Sunday, November 30, 2008

Irrational Thoughts

(The first three installments of this story are on Nov. 2, Nov. 16th, and Nov. 23)


Sandy tried to keep Elizabeth quiet, but it wasn’t really Elizabeth’s fault. Her little sister just couldn’t keep still, couldn’t keep from making noise, not when she was put to bed when she wasn’t the least bit sleepy. She was too young to understand about Mama. She just wanted to play, to have fun. The grownups in their lives never understood that.

The sun parlor in winter was freezing at night. The blankets on the day bed were scratchy, but Sandy would hide under them and try to go to sleep. On good nights, her mother would rescue her before she’d been there long at all. She’d cry into her mother’s shoulder, as her mother carried her back upstairs.

“Mama, it wasn’t me. I was being good and still and quiet. It was Elizabeth. Elizabeth doesn’t know any better. Please tell Daddy it wasn’t me.”

Mama would always gently pat her back, “Shhh, darling. We don’t want Daddy to hear us. You mustn’t talk about its being Elizabeth. Daddy wouldn’t understand that. Be a big girl now. We all have to get some sleep.”

Other nights, her mother didn’t come. He came instead.


Her hands froze on the steering wheel. This wasn’t the night to have to park the car in the detached garage, to have to walk past those dark woods to get into the house. She’d leave the car outside, parked right next to the front door and hurry into the house where all the downstairs lights were brightly shining, telling her she was welcome to come in and fix herself some dinner. It was so dark outside, though. She wanted desperately to get into all that warm light, but how was she going to get there from the safe, locked car? Surely that dark figure had already begun to creep around to the back of the car. He was probably planning on climbing up on top of the car.

If he climbed on top of the car, she could safely drive out to Route 158. Once out on the highway, she’d drive as fast as it took to get him off the roof. These were rational thoughts: thoughts in which she was planning what to do to get rid of a menacing figure. She and Owen had often discussed the fact that rational people didn’t just let their fears paralyze them or prevent them from acting. They thought through the steps they’d take to protect themselves. They had contingency plans, knew what to do if they were attacked. He’d recently suggested she take a women’s self-defense course, so she could understand she was a strong woman, capable of caring for herself.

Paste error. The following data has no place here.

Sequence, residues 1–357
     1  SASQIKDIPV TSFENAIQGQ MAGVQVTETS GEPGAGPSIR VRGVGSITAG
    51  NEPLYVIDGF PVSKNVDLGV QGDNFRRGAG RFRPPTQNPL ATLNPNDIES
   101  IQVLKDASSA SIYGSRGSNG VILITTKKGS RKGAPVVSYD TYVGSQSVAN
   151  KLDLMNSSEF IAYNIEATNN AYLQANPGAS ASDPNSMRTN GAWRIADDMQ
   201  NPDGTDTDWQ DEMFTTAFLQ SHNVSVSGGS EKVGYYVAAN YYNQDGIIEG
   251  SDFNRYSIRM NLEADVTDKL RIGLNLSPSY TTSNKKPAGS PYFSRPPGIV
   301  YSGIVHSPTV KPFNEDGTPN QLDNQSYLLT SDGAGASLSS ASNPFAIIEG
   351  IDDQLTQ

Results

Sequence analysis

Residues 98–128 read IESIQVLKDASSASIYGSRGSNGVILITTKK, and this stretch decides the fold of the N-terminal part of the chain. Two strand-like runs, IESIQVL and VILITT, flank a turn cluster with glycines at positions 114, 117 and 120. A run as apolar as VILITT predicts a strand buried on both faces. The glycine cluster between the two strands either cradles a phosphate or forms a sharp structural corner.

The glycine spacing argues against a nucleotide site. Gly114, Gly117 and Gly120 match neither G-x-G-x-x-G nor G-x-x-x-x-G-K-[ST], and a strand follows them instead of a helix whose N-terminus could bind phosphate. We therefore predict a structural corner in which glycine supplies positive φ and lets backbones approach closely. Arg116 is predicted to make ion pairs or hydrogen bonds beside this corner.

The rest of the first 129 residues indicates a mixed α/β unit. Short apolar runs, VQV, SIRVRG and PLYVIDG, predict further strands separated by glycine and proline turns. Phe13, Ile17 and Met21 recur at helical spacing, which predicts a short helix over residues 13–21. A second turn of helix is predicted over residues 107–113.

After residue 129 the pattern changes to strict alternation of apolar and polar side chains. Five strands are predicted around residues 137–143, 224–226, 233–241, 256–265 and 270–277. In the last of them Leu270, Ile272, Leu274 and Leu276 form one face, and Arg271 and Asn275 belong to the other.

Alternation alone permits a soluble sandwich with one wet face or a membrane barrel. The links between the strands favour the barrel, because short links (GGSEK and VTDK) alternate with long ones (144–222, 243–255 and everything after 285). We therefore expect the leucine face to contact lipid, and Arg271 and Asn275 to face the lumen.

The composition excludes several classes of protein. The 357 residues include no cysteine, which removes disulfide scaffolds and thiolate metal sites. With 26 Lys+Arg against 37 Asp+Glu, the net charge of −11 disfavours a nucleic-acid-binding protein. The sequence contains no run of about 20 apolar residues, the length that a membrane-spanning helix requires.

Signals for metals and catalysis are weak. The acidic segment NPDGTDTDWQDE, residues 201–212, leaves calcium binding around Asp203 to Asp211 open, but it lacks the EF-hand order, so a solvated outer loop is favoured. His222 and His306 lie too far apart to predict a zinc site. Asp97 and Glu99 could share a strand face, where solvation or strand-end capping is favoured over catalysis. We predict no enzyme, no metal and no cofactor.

That would be her next step. Owen would probably give her another hug when she told him she’d signed up for such a course. She wanted another hug. She wanted to walk into her well-lit house and find Owen standing there, waiting to give her a hug. He’d have other things on his mind, though, as she fell into his arms. He wouldn’t just hug her, he’d kiss her, a slow, but greedy, passionate, and desperate kiss, the kind she’d seen on TV and had read about in books.

She could see and feel him clearly now. He was moving his mouth from her mouth, down her throat, teasing her with his tongue. He was caressing her neck and back with his thick, brown, hands, the lovely hands with their neatly trimmed nails, she’d often sat admiring in his office. Now he was moving those hands to slowly unbutton her blouse, the fingers almost too big for the tiny buttons.

From the front of the house, where she was parked, she couldn’t see the sun parlor and its brightly shining lights. The living room lights, though, the lights in the room into which she was staring, the room where Owen now had her completely naked on the couch, flickered off one by one. Owen disappeared. If the living room lights were going off, the sun parlor lights would be doing so, too. The kitchen would be next, followed by the dining room, and the family room. This was the fourth Wednesday in a row she hadn’t come home before dark, and they were mad at her. She was always supposed to be home before dark. Home before dark and lights out and in bed by 10:00.


At first she’d thought the figure was Daddy staring in at her from one of the windows in the sun parlor. She thought he was sneaking around the back of the house to spy on her to make sure she was being still and quiet. On second look, though, she’d realized it wasn’t Daddy at all. Daddy didn’t have such pale skin. Daddy didn’t have such beady eyes and such big cheek jowls. Daddy’s teeth were straight and white, not yellow and uneven and half rotting. She closed her eyes and tried not to scream. When she opened them again, the grotesque figure beckoned to her. This time, she did scream, and Daddy came in with the belt. Looking up from Daddy’s knees, she saw the pale, bald head turn away from the window, a hunched back lope off into the woods, barely feeling the pain of the leather against her bare skin.

After that, he came all the time. His thick fingers would work their way around the outside of the window, trying to find a way to open it. She didn’t scream anymore, throwing the blankets over her head instead, and reminding herself that he couldn’t get her. Even if he did manage to break one of the windowpanes, the hole would be too small for him, and the window latch was too old and difficult to work. He wouldn’t be able to get it to work from the outside, wouldn’t be able to open the window to climb through it. Besides, he tapped and scratched at the window, but he never did actually try to break it, for some reason, and if she just ignored him, he’d often lope off in frustration.

(To be continued...)

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